What does a brace do?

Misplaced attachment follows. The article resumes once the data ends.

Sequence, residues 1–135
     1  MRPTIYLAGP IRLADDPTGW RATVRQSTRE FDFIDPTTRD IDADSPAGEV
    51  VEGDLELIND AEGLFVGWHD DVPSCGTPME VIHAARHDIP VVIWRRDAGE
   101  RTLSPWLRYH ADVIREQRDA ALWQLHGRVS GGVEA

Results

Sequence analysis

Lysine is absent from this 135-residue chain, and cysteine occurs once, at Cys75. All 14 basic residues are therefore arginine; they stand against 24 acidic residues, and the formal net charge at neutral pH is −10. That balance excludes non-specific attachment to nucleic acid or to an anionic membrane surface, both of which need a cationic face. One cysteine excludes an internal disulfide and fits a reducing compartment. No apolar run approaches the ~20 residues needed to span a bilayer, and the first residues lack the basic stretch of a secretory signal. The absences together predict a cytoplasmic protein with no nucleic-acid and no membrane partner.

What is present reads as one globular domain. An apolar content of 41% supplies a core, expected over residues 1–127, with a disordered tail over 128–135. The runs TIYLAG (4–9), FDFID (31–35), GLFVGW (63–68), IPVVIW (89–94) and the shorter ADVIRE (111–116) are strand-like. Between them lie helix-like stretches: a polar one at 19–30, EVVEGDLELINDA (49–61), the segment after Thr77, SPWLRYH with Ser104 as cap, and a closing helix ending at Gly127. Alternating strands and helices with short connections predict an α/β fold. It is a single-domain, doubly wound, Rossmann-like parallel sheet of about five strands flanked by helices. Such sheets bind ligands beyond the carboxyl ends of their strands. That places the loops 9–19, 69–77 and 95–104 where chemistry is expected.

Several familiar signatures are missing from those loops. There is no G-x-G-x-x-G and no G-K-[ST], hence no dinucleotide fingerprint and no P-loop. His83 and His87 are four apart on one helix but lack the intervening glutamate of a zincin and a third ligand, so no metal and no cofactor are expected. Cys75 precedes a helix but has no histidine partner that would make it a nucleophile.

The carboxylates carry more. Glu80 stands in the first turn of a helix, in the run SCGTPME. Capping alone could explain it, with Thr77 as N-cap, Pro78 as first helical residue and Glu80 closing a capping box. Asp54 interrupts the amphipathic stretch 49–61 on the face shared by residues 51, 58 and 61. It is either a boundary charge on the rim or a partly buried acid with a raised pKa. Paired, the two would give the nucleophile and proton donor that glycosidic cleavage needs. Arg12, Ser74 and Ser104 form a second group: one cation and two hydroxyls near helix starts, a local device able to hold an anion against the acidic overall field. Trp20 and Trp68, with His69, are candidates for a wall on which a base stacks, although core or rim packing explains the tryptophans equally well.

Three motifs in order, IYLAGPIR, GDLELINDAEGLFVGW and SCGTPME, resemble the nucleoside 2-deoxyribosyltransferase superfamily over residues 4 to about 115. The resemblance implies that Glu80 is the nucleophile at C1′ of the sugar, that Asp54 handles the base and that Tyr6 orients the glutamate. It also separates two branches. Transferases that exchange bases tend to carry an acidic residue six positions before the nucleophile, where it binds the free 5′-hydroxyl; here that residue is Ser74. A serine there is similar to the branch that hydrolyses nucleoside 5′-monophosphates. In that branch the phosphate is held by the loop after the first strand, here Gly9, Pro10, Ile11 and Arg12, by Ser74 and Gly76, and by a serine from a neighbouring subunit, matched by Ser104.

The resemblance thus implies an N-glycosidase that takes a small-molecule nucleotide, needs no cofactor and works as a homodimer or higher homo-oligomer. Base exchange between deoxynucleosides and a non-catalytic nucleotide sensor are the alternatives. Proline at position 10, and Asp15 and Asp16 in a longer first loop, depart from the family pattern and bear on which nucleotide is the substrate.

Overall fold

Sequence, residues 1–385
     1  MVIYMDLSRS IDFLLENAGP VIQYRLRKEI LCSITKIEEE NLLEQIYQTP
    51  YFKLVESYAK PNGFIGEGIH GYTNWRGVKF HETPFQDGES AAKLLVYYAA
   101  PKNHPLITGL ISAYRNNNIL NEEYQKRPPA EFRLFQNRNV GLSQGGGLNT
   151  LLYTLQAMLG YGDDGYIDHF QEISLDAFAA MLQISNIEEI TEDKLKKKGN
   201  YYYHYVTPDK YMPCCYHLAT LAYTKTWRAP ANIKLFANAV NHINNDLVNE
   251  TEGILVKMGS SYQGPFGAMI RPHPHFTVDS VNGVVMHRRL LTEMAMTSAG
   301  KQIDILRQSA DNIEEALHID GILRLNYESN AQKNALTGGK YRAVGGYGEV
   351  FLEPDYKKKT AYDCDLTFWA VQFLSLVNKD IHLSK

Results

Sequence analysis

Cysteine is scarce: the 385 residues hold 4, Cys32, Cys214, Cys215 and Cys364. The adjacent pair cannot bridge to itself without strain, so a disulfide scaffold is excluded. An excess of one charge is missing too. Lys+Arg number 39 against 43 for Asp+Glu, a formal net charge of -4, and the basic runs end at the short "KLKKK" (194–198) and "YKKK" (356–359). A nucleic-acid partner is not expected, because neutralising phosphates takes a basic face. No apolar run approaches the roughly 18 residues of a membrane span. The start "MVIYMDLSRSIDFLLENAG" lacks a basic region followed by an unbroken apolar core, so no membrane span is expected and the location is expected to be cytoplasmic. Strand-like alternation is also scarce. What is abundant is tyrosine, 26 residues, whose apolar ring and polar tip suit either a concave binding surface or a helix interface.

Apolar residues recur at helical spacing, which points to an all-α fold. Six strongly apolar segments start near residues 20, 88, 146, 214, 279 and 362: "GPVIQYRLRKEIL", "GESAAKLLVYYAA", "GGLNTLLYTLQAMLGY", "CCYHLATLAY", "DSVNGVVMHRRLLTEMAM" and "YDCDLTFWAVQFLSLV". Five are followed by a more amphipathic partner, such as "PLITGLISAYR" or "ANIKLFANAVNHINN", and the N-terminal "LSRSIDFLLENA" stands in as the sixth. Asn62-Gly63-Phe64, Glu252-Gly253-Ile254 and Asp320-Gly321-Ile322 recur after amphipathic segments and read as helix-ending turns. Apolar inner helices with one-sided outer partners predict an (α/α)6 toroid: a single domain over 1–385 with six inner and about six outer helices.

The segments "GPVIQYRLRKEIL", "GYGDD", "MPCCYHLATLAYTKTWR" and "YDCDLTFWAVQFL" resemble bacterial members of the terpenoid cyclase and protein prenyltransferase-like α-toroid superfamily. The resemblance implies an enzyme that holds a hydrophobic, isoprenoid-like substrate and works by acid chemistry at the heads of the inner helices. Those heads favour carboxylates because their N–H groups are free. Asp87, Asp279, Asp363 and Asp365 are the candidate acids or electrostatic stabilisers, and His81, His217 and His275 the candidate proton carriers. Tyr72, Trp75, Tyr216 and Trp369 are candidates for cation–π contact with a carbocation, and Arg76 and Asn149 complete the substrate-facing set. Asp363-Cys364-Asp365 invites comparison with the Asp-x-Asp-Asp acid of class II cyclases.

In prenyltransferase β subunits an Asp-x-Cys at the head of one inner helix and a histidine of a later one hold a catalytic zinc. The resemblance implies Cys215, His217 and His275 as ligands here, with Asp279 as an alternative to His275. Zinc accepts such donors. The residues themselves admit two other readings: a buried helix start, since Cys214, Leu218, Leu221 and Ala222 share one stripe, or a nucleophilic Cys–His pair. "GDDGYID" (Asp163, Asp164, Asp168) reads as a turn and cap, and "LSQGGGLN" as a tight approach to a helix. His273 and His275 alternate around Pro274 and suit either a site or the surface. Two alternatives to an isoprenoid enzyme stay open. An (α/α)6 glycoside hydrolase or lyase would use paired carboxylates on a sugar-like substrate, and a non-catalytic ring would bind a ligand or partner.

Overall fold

A brace is a medical aid you put on to help support a joint. The reason for using one may be a lack of stability or strength, or the joint may be subject to pain or swelling. A carefully measured, correctly fitted brace will restrict any overly acute bending of the joint without unnecessarily impeding the pattern of movement required for a particular sport. Almost all braces work by applying external pressure, or compression, and providing mechanical support. A brace can be used to support a number of joints, including the ankle, knee, wrist, elbow, shoulder, neck and lower back. A brace is easy to fit and is a convenient aid to help cushion the considerable force imposed on a joint. They are obviously not designed to prevent every new injury, however. This cushioning effect does not mean that these forces can be eradicated altogether, but fortunately, most of them can be. Scientific research on the ankle joint has produced satisfactory proof that both taping and bracing successfully tempers unwanted outward lean. The effect is maintained when a load is exercised on the joint provided that the brace (or tape) is applied correctly. The effect of an ankle brace is almost the same as that of ankle tape. In short, the advantage of a brace is reduced skin irritation, it is easy to fit and it is cheaper.
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